Whatever your mix, the first job is understanding where your customers are, how to reach them, and what their needs are. Even if you don’t have a slick website with all social media platforms established and professional business cards printed yet, there’s a lot you can do with free samples or introductory flyers.

Make sure you’ve looked at lots of options and picked a couple that really suit you and your customer base. Spreading yourself too thinly over every single marketing channel just dilutes your efforts.

There’s more information on the marketing methods you might want to consider in our expert guide to small business marketing.

6. Review how your business is doing

All businesses need a reality check from time to time.

Once you’re through month one, block out some time to look through your sales or invoices, check your biggest source of income, and investigate any stumbles or spikes in business.

You could even ask clients or customers for feedback (their favourite product, preferred form of contact, targets for next month etc.) and use it to add some action points to your review.

Once you’ve got all the facts in front of you, create a quick list of goals or objectives for next month. Perhaps it’s working five hours more (or less!), signing up 20 more email addresses to your newsletter, or spending one evening a month at your local business networking group.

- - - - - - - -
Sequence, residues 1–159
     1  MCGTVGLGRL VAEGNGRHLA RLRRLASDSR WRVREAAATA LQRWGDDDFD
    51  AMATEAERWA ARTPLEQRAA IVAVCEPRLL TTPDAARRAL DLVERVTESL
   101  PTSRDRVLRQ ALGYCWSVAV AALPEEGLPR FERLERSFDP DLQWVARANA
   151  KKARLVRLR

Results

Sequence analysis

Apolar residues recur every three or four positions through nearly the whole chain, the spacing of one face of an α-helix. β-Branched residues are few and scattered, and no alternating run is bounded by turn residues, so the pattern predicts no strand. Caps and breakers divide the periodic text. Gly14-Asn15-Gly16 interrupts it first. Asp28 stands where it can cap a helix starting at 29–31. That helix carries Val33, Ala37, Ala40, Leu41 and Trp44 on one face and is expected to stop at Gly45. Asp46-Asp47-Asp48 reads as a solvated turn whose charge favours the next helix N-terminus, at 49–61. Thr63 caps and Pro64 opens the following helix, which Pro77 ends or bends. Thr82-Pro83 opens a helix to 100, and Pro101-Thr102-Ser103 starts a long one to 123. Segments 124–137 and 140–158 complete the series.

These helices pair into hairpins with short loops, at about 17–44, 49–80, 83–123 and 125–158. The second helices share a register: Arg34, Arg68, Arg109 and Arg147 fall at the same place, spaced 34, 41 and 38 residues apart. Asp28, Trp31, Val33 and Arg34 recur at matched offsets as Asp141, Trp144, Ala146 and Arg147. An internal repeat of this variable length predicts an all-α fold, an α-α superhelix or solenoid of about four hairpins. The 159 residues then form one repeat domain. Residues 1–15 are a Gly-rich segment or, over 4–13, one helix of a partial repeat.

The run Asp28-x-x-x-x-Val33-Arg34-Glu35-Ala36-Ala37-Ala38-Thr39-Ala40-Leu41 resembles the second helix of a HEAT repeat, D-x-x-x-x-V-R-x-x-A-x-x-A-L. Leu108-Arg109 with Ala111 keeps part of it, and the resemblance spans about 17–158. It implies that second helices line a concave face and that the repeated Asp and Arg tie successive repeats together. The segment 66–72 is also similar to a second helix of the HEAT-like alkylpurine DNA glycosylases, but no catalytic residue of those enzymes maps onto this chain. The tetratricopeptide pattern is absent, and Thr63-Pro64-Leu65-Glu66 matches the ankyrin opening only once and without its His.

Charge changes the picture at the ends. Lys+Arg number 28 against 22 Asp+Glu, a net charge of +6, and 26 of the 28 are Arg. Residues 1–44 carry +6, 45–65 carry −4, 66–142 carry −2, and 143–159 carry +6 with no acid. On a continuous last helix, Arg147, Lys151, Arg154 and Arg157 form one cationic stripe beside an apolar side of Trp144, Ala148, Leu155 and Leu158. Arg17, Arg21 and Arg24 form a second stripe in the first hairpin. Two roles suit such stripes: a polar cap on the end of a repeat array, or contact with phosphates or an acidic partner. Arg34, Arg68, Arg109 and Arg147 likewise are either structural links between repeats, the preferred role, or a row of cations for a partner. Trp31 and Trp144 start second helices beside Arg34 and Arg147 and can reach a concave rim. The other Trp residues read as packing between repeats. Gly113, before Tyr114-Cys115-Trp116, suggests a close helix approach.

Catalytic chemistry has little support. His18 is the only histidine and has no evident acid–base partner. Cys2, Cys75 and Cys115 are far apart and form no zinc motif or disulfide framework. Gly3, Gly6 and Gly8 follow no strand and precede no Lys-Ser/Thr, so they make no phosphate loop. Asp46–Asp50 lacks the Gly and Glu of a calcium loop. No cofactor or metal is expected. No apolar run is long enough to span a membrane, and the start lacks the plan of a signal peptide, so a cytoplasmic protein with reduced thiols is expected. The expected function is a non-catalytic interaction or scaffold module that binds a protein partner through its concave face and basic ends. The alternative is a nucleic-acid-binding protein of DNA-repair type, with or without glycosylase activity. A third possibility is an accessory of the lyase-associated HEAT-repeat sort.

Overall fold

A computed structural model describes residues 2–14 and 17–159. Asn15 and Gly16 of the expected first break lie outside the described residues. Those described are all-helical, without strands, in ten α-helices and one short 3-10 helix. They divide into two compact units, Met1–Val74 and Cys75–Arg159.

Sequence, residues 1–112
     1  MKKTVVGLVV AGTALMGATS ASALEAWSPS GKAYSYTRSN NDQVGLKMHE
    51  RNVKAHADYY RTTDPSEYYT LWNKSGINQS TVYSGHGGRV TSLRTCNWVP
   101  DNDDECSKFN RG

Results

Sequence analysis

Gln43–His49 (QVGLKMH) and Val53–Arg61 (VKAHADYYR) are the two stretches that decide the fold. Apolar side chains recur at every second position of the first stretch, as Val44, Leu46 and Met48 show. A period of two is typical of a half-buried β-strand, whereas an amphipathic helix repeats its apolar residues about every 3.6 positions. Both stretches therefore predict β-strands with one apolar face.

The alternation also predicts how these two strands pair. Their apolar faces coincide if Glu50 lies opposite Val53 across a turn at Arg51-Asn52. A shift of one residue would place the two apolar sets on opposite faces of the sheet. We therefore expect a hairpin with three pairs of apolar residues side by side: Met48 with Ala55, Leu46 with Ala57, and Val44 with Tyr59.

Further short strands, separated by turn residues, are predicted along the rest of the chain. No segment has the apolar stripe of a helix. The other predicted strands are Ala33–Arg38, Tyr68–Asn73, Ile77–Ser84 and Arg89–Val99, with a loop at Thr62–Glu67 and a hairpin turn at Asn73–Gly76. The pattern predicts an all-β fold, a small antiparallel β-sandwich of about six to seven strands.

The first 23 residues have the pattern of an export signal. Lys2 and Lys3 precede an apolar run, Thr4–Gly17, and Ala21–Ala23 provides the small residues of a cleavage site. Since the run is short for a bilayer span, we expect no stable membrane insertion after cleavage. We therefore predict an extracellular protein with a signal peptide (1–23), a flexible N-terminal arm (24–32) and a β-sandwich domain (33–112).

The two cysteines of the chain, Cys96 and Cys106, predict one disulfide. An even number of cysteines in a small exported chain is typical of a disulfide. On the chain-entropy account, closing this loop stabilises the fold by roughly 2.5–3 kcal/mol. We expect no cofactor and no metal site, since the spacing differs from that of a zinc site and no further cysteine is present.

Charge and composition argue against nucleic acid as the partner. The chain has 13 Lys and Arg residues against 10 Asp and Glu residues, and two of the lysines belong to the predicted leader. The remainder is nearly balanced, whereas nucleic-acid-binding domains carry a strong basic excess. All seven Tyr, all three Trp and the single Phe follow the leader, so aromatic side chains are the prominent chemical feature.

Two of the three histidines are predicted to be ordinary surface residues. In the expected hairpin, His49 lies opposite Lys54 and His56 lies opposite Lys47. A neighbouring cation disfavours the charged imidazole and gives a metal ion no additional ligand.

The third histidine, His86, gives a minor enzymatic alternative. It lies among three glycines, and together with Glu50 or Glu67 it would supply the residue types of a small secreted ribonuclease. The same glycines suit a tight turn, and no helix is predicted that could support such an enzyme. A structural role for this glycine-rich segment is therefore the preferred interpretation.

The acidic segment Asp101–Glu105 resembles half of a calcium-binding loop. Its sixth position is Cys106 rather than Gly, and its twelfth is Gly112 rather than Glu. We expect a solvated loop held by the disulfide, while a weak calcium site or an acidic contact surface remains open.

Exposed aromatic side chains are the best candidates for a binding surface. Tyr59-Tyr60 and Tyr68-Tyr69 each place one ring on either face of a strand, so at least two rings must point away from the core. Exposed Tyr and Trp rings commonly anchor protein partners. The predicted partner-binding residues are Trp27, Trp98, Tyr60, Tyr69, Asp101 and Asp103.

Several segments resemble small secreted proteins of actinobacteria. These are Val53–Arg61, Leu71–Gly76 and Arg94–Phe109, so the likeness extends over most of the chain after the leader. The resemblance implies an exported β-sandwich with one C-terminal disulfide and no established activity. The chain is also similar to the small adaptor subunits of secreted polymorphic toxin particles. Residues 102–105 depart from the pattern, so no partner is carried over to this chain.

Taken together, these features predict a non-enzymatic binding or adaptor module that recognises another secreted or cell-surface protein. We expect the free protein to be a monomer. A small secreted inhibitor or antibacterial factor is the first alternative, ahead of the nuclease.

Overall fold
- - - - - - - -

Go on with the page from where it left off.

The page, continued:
Whatever it is, having performance-based objectives shouldn’t stop when you become your own boss. It’s this sort of structure that keeps you cruising into year two.

7. Take regular breaks

The early days of running a business are all about the work, the clients, and where the next sale is coming from. Remember though, you’re still entitled to a break.

With no HR department or holiday allowance to lean on, you’ll need to monitor your own working patterns and intensity. So don’t just say you’ll book a couple of days’ holiday – block it out in your diary, and do it.

Being your own boss can be all-consuming, but you’ll be much better use to your clients when you’re well-rested and full of energy, let alone your family and friends.

You could make a list of three things you’d like to do and build them into a long weekend. Most importantly, try not to feel guilty! You’re building a fantastic business, and you’ve earned some quality time off.

What would you add to our steps to starting a business? Let us know in the comments below.

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We create this content for general information purposes and it should not be taken as advice. Always take professional advice. Read our full disclaimer